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In the news

Wired Editor changed mind about Wikipedia

The World Question Center 2008 - Kevin Kelly, editor-at-large of Wired, initially believed that an encyclopedia that could be edited by anyone an impossibility, because it would be subject to a "propensity for mischief", which would exaggerate and falsify information. However, he admits that he was wrong, and that Wikipedia has surpassed his expectations. He states that the tools provided have helped allow the collaborative community to outpace the number of individuals "competing", and he makes a comparison with similar systems of collaboration in open-source systems. He believes that Wikipedia is an indication of something more fundamental that is happening - a new respect for sharing and collaboration, and a new obligation of the individual to the collective.

Analogy with traditional publishers

Wikipedia: A community of editors or a community of authors? The key idea from this article is that the model of production of content on Wikipedia is not that much different to that of traditional publishing houses, in the sense that the content is produced by a large number of authors, often with no interest in the editing process, while the content is edited and polished by a smaller core of editors. Valuing contributors in projects like Wikipedia, even when they are not in the committed core, is important, and the disdain for user-generated content from the traditional publishers is "so perplexing". The author believes that publishers should take note of what is going on, because it is "a different and better way of doing some tasks that publishers already perform".

Other mentions

Other mentions in the online press include:

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    ==Danny Wool==

    Danny Wool [was] involved with Wikipedia in the past - User:Danny is still a Wikipedia editor. Corvus cornixtalk 23:00, 9 January 2008 (UTC)[reply]

    Case citation

    Not exactly Wikipedia "in the news", but I recently came across the following in a case:

    To begin with, it is not clear that internet sources in general, or the ones cited by Mr. Muravnik in particular, are inherently unreliable. Countless contemporary judicial opinions cite internet sources, and many specifically cite Wikipedia. See, e.g., Phillips v. Pembroke Real Estate, Inc., 459 F.3d 128, 133 n.3 (1st Cir. 2006); Reuland v. Hynes, 460 F.3d 409, 422 n.1 (2d Cir. 2006) (Winter, J. dissenting); Allegheny Defense Project, Inc. v. United States Forest Service, 423 F.3d 215, 218 n.5 (3d Cir. 2005); N'Diom v. Gonzales, 442 F.3d 494, 496 (6th Cir. 2006); United States v. Krueger, 415 F.3d 766, 769 (7th Cir. 2005); Bourgeois v. Peters, 387 F.3d 1303, 1312 (11th Cir. 2004); Sacirbey v. Guccione, No. 05 Civ. 2949, 2006 U.S. Dist. LEXIS 64577, 2006 WL 2585561, at *1 n.2 (S.D.N.Y Sept. 7, 2006); Applied Interact, LLC v. Vermont Teddy Bear Co., No. 04 Civ. 8713, 2005 U.S. Dist. LEXIS 19070, 2005 WL 2133416, at *11 (S.D.N.Y Sept. 6, 2005). While citing a website in a judicial opinion is not analytically identical to basing an expert opinion on such a source... the frequent citation of Wikipedia at least suggests that many courts do not consider it to be inherently unreliable. In fact, a recent and highly-publicized analysis in the magazine Nature found that the error rate of Wikipedia entries was not significantly greater than in those of the Encyclopaedia Britannica. Jim Giles, Internet Encyclopaedias Go Head to Head (Dec. 14, 2005), (finding that "the difference in accuracy was not particularly great: the average science entry in Wikipedia contained around four inaccuracies; Britannica, about three.")) And, indeed, the defendants do not point to any actual errors in the entry cited by Mr. Muravnik. Thus, despite reasonable concerns about the ability of anonymous users to alter Wikipedia entries, the information provided there is not so inherently unreliable as to render inadmissible any opinion that references it.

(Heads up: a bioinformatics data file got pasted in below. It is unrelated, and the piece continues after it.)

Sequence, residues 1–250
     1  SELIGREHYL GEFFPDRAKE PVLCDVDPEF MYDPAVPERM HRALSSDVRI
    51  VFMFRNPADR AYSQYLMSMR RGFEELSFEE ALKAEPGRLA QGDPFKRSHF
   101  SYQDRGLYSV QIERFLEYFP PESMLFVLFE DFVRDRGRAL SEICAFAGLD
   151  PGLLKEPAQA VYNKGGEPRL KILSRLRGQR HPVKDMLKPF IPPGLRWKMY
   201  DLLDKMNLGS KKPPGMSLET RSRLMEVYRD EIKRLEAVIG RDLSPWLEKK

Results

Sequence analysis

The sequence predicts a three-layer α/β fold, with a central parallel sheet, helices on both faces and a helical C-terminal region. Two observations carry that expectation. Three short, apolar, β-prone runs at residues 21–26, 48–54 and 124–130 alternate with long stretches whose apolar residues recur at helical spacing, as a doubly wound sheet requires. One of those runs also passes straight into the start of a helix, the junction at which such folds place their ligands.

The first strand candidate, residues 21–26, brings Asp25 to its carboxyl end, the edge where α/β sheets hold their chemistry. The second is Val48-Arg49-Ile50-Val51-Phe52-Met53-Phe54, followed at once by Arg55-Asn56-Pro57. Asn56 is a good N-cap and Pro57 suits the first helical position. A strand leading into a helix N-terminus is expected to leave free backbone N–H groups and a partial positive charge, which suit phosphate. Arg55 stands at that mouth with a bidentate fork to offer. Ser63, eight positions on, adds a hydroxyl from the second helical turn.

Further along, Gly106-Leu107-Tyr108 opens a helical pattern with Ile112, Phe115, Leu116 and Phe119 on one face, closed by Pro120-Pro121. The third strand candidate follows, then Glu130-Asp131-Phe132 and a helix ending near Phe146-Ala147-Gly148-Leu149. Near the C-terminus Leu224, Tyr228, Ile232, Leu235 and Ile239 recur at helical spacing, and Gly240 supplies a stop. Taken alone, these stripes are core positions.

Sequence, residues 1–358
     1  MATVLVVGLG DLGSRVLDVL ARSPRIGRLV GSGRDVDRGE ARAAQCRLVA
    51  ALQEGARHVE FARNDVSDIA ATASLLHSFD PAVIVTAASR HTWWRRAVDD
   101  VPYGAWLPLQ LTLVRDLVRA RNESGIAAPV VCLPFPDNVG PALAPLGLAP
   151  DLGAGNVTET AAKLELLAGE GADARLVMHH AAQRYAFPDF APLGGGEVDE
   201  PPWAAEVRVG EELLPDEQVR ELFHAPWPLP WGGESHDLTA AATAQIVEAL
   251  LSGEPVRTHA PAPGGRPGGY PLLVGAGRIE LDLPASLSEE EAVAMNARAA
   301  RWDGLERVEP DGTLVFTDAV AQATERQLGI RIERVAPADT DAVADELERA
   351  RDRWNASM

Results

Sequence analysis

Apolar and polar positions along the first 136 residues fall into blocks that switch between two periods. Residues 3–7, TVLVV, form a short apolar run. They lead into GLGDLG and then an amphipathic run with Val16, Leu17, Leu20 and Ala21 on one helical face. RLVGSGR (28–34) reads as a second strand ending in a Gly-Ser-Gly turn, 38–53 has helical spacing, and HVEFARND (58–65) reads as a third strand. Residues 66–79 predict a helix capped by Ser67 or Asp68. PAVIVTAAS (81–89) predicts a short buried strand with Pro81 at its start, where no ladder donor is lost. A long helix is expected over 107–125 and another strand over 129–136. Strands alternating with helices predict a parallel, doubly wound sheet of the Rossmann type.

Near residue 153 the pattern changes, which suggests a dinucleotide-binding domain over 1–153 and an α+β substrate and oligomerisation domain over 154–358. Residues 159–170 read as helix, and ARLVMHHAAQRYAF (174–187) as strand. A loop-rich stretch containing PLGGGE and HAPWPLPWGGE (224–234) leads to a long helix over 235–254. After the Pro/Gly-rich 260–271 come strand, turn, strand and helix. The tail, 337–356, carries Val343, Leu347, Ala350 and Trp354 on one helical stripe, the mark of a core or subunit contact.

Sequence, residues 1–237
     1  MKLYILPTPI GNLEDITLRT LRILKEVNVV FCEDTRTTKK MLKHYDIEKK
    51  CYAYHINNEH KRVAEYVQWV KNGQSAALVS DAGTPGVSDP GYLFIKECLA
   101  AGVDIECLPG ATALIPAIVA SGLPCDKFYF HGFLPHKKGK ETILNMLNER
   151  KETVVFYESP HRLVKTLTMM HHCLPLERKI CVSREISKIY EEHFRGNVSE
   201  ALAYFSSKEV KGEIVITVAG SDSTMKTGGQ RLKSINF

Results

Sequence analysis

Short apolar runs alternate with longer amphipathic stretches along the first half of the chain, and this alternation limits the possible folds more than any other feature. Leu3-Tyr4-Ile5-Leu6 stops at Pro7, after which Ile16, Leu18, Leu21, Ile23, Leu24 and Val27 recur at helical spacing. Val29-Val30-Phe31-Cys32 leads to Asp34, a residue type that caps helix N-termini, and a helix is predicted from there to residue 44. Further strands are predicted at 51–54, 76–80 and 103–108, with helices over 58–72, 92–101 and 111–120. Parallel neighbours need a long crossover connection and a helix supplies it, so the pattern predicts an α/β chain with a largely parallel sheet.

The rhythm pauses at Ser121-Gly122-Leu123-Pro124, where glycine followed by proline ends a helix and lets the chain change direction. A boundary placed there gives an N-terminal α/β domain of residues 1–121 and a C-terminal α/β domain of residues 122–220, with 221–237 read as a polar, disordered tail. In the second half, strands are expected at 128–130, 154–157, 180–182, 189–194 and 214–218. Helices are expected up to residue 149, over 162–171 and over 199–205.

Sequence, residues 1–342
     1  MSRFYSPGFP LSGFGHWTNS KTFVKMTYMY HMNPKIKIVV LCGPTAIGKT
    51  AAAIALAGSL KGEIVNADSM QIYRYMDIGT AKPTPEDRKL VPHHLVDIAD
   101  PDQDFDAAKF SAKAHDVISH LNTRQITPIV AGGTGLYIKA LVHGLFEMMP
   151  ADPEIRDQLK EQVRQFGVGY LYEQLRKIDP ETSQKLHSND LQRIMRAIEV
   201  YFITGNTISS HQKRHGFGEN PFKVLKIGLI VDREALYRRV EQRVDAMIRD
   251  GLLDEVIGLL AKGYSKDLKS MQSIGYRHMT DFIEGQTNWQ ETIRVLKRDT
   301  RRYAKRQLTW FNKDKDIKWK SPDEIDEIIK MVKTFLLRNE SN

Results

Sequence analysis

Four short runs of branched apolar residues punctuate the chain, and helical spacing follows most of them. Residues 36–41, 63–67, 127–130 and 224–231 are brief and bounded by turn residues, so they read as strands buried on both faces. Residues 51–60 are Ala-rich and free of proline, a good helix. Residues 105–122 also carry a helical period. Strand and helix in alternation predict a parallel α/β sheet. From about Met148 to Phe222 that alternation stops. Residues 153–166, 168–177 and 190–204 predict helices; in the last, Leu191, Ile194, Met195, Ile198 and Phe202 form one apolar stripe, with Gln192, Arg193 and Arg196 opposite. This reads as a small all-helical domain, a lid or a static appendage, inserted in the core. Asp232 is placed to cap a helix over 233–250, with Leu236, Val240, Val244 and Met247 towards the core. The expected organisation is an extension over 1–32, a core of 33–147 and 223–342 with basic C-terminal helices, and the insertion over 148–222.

Alfa Corp. v. Oao Alfa Bank, 475 F. Supp. 2d 357, 361-362 (S.D.N.Y. 2007).

    Cheers! bd2412 T 08:03, 15 January 2008 (UTC)[reply]

    See Wikipedia:Wikipedia as a court source and Reliability of Wikipedia. Regards, High on a tree (talk) 08:30, 15 January 2008 (UTC)[reply]


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